Echocardiography: the transition from master of the craft to admiral of the fleet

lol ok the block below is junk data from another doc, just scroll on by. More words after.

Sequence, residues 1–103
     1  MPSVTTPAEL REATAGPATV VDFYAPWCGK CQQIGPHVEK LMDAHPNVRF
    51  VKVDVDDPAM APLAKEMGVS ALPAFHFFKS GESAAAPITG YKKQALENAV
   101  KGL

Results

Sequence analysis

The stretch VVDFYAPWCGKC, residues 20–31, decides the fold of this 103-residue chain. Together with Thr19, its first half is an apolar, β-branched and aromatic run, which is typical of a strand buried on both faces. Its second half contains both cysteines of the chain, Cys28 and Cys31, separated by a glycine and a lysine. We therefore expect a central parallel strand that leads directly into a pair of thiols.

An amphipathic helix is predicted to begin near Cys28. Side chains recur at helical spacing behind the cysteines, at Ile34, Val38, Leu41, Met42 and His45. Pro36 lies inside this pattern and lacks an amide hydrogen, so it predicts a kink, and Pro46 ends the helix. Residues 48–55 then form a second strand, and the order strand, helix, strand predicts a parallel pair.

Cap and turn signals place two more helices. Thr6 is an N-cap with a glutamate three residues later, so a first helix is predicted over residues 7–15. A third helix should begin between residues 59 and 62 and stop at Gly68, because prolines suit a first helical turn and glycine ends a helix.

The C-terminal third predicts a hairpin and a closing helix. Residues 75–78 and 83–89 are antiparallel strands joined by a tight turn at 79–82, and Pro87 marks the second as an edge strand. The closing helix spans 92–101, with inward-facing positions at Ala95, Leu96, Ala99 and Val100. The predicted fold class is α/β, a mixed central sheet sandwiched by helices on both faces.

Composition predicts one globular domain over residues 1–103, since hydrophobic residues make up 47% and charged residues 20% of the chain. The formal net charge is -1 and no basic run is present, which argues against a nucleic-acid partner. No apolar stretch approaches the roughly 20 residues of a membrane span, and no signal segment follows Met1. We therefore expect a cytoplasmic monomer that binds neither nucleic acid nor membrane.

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Echocardiography has become essential for the diagnosis and management of cardiovascular disease. Over my medical career, cardiac ultrasound has evolved from the blurry wavy lines of M-mode tracings understandable only to a few dedicated practitioners, to real-time intuitive anatomic images accessible to all healthcare providers. In addition, the development and validation of quantitative imaging and Doppler techniques has transformed clinical cardiology with the ability to measure left ventricular ejection fraction and cardiac output, estimate pulmonary pressures, evaluate diastolic function, and quantitate valve and congenital heart disease severity. More advanced imaging modalities including transoesophageal imaging, real-time three-dimensional (3D) and biplane imaging, contrast echocardiography, tissue Doppler, and other modalities have further extended our diagnostic capabilities. There is no question that echocardiography is an accurate and powerful diagnostic tool when performed and interpreted by highly skilled professionals at centres with a high volume of complex cardiac disease. However, the real challenge is ensuring that echocardiographic diagnosis is accurate and reliable, regardless of where or when the study is performed, resulting in improved patient outcomes. Unfortunately, many experts are concerned that the current quality of echocardiography across the clinical community fails to meet this goal.1

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